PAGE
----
Most of the auditions are scattered around a 25 mile radius in Los Angeles. So no matter how centrally located you may try to live, you often still end up with a long commute. They are where they are.
If the agent emails me the storyboard and script, I go over it and think of three or four different reads I might use, that may not be the first and most obvious ones. Then the next day I revisit them, and go over it again. How is the commercial’s message being conveyed? How do I fit into it? What is the product, and how are they selling it? If it’s a film, what’s the theme?
Most of the time, there are no sides beforehand. It is just a type they are looking for and I have nothing much to go on except for a time, and wardrobe suggestion. Often it’s just something very generic, like a construction worker, taxi driver, fisherman, or a dad in a polo shirt, etc.
Fine, I have lots of junk in the trunk, just in case they have gotten the roles mixed up. (It happens.) Maybe I might get to try out for a different role I think I might be better for, whatever it may be, I’m ready for it. I might also be able to get another audition for something else while I am there at the same facility I am going to visit.
Having various wardrobe changes with me, saved me numerous times. I also have plenty of extra headshots, different hats, and eye glasses, just in case. I’m ready to change it up completely if I need to. (If I do choose to wear glasses, I slate with them off, and put them back on for the reading. That way I can show them two looks.)
I make sure I am wearing no colognes or other heavily scented things, which some casting directors might be allergic to. Then I put on the most comfortable shoes I have, and suit up in my wardrobe for the audition. (Or I have it ready to do a quick change in the car when I arrive.)
I like chewing bubble gum. Always remember to take it out before you go in for an audition. Directors hate it when actors are auditioning and chewing gum. I got busted once, and that was it. I never made that mistake again. Plus, there was no place to spit it out, so I had to put it in my pocket. I forgot it was there, and my pocket was permanently gooed shut. What a mess. But it served as a good reminder.
I eat a small meal before I leave the house, so I’m not starving when I arrive. I don’t want my stomach to be growling. LoL. I have fluids like Gatorade, or bottled water, and some cough drops in the car for when I get there.
I leave early enough so that even with a traffic jam, I will arrive there at least 30 minutes ahead of my audition time. The same for call times on the set as well. Then I can get as much information as possible prior to my audition. They also might spring some dialog on me, and then I at least will have some time to work on it.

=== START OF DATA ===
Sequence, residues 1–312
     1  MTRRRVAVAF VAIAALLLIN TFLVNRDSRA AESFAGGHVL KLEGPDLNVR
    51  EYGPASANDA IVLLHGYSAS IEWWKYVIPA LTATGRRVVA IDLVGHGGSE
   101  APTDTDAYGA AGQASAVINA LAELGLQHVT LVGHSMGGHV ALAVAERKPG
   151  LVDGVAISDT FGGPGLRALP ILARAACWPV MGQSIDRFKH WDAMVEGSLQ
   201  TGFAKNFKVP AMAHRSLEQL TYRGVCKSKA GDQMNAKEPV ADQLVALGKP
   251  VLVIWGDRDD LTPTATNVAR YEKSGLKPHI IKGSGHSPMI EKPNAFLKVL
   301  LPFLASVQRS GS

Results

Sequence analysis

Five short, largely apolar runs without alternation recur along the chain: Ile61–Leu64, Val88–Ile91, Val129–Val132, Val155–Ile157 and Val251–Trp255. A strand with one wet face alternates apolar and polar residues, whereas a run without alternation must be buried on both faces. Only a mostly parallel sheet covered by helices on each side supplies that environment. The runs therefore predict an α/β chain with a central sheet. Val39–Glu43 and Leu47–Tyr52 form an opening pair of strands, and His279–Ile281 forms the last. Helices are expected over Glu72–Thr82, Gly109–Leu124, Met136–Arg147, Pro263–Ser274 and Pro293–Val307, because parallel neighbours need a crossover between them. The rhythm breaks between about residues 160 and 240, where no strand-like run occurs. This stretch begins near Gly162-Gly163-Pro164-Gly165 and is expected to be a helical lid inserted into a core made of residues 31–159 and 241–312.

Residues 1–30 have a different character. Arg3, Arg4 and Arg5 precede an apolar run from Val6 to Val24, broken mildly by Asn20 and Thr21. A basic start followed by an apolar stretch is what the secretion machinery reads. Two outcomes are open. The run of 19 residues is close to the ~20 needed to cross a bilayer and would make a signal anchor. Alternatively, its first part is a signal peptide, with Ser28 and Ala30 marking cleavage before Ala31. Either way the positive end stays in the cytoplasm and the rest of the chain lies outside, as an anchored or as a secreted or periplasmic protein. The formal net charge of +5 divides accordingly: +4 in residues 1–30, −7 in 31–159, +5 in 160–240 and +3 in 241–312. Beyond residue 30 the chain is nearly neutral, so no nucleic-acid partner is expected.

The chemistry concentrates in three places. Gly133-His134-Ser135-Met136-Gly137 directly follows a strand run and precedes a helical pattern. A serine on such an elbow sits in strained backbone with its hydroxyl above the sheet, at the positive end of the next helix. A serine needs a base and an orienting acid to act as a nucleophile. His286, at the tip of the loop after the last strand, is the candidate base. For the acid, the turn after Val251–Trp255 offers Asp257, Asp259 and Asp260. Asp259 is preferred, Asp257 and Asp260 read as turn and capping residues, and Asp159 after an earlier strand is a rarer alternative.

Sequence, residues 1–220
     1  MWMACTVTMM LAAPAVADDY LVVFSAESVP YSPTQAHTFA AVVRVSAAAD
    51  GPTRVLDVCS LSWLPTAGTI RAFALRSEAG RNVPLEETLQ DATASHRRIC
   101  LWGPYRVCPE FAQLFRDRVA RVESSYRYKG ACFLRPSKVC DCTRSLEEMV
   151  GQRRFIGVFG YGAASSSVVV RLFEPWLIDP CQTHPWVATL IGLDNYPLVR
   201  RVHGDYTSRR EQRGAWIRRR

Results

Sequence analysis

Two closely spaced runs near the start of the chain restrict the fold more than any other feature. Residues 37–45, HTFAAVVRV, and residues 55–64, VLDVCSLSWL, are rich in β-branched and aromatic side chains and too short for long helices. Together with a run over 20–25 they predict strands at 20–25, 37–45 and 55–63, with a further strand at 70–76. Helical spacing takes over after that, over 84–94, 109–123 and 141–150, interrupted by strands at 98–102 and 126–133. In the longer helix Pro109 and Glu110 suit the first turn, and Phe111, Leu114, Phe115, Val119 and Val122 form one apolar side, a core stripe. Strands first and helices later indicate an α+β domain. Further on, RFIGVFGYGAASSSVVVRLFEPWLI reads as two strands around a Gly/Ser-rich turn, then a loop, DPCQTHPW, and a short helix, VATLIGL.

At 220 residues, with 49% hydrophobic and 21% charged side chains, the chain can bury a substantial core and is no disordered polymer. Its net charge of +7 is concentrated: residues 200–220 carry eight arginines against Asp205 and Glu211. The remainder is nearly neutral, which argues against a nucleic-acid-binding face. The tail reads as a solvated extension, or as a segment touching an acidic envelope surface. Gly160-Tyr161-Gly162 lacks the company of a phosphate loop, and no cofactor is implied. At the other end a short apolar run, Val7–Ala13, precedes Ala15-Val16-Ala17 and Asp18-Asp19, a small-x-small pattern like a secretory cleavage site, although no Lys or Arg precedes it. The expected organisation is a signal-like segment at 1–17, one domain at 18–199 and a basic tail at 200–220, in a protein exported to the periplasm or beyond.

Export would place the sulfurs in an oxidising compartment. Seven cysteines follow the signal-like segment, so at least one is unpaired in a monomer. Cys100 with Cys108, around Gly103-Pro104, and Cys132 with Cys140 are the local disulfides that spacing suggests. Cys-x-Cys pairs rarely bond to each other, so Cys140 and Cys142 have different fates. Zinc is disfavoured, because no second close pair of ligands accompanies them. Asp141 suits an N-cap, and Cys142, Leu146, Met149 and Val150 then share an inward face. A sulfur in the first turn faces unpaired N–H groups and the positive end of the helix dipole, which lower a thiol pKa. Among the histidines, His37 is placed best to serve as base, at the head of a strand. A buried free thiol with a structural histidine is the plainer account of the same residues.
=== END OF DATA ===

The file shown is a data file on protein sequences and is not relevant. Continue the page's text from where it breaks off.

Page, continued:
When I arrive, I take at least five minutes of quiet time just to gather myself, and calm down from the drive. If you like to say a prayer, or anything like that to help you get your mind right, then you have time for it then, and you can do so.
I stay away from drinking ice cold beverages, because it contracts, and affects my voice. I avoid anything with caffeine or sugar in it. Chocolate gives me a sugar rush that makes me appear to be nervous, so does caffeine. I avoid that, and any candy that is sour, or eating anything spicy before my call. My throat is part of my instrument, and I need to keep it in prime working condition. If anything, I take a honey cough drop 15 minutes before auditioning. I learned that one from a radio broadcaster.
I always go in way ahead of my call time, so I can gather some more information about the audition. I look at the casting area and size it up. I look at the sides for my part, and all of the other parts as well. If there is a storyboard on the wall I study that. If there are boards up for related spots they are casting, I study those as well. It gives me a better idea of the direction of the commercial campaign, and I might want to hint towards one of those.
If there is another spot they are casting at the same station, or another role I think I might be better suited for, I study that closely. I might want to wear an article of clothing, such as a mechanic shirt underneath my businessman shirt. Then I can easily transition in seconds to the other role if the opportunity presents itself.
I observe all the other actor types that are out there waiting to audition for my part, and try to speak with a few as they are leaving the facility. I try to gather any information about the audition that I can. Sometimes I need to talk with a few different actors to get some decent intel on the audition.
For example, how many actors are they auditioning at one time? How many times did they let you read for the role? Was it on camera? Is the casting director, or are the clients in the room? Was there a rehearsal before the audition? What did they have you do for it? Obviously, you are not going to get all that information from one actor, so I usually speak to a few, catching up with them as they walk out to their cars. This is why I need that extra arrival time.